Post  43783  by  motordavid       Reply
LK: that one I had
seen; hard to know, but, I suspect it will get uglier, before it gets less ugly. The bottom line is,imo, the hard line Allah zealots,for some reasons, want all Americans dead and gone. Not sure what they would "do" w/NYC,LV,thePlains,Big Easy,UT,etc.,etc., if they ever did pull off their "goal".......the pablum of the masses continues to be the underlying voltage for aggression,imo. But, Cheers and happy Friday. BR,md

Post  43784  by  Arkural       Reply

In a sense the answer may not matter.

Yes, it is East vs. West, as I see it. You're on the right wavelength. Domination is definitely a key role/objective.
Externally, both so-called powers, are not what they seem as they are understood by the masses.


Much too busy for interactions for awhile.

Post  43785  by  uponroof       Reply


Investors who saw the market's rally last week as a sign the bull market's back would probably mistake The Post's John Crudele for WWE Champion Brock Lesnar.

October 15, 2002 --

WHAT'S the difference between professional wrestling and the stock market? Everyone knows wrestling is fixed. With Wall Street you only suspect it.

Another thing: the folks who wrassle for a living are honest enough not to let you bet on their little slam dances. Wall Street is happy to slam a sucker for all his money.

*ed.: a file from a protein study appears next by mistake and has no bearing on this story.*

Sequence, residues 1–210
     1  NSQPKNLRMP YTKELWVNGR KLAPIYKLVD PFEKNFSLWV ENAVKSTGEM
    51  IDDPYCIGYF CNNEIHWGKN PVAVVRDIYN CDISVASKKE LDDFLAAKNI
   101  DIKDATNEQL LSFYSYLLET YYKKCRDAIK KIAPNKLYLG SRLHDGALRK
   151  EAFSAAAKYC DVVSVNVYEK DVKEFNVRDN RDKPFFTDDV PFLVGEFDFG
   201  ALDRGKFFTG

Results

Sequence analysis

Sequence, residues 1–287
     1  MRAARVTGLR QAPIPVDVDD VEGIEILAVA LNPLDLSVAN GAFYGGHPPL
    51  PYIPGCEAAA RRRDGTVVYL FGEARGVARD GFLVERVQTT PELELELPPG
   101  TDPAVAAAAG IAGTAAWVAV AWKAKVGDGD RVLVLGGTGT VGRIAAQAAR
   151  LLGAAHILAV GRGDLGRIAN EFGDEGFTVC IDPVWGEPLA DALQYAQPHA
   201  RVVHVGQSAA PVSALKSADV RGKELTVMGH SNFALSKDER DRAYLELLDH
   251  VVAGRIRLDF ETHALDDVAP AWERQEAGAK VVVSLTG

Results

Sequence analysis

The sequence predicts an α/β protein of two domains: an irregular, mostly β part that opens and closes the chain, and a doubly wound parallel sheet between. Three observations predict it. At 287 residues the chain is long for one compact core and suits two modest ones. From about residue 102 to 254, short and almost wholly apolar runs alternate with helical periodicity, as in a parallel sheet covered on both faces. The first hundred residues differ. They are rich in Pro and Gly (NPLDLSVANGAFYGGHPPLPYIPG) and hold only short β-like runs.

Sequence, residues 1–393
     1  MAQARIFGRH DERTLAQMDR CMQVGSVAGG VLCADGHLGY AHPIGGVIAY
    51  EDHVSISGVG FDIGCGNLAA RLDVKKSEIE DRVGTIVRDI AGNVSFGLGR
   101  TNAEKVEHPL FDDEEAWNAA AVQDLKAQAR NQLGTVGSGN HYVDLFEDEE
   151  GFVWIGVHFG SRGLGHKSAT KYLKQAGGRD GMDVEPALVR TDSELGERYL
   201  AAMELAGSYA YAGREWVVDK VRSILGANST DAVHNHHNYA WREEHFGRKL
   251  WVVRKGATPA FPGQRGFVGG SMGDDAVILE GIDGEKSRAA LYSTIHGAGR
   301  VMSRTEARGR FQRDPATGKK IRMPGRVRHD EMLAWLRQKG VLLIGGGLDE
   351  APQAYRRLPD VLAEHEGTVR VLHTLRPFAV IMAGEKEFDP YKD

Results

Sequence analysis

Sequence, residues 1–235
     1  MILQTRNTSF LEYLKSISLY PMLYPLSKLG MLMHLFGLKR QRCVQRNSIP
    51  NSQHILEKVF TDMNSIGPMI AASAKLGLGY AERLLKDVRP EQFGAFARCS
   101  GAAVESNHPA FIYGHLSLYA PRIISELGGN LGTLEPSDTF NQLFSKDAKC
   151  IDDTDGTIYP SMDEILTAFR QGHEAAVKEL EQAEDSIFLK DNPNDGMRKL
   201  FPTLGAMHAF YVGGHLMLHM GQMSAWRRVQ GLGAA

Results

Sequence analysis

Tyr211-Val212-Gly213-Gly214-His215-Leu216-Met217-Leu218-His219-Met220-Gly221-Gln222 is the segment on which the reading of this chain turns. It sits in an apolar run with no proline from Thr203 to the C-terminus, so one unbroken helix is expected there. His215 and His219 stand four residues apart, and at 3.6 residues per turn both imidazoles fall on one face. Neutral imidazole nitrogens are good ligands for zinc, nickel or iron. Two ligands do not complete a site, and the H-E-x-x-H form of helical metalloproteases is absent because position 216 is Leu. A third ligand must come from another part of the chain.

Here we go again, folks. Last Thursday, with the sun shining and the economy not, the stock market suddenly came off the mat.

It's still down anywhere

21 percent to 38 percent depending on which crime scene you are looking at. But thanks to the miraculous rally last week the market doesn't look to be hemorrhaging as badly as it had been.

We can now agree that the market was rigged back in the 1990s, when rich investment bankers wanted to get even richer. So they sucked small investors into a bubble and into worthless IPOs from which many portfolios will never return.

Then there was last summer.

Back when the big shots were off getting gelatos, the second-stringers managed to rally the market. It worked for a couple weeks, even allowing some of the perma-bulls on CNBC to stop taking their antidepressants.

Then, suddenly, the bottom fell out of the market and September was memorable only for all the pain that was inflicted on investors.

So, why'd the market rally last Thursday?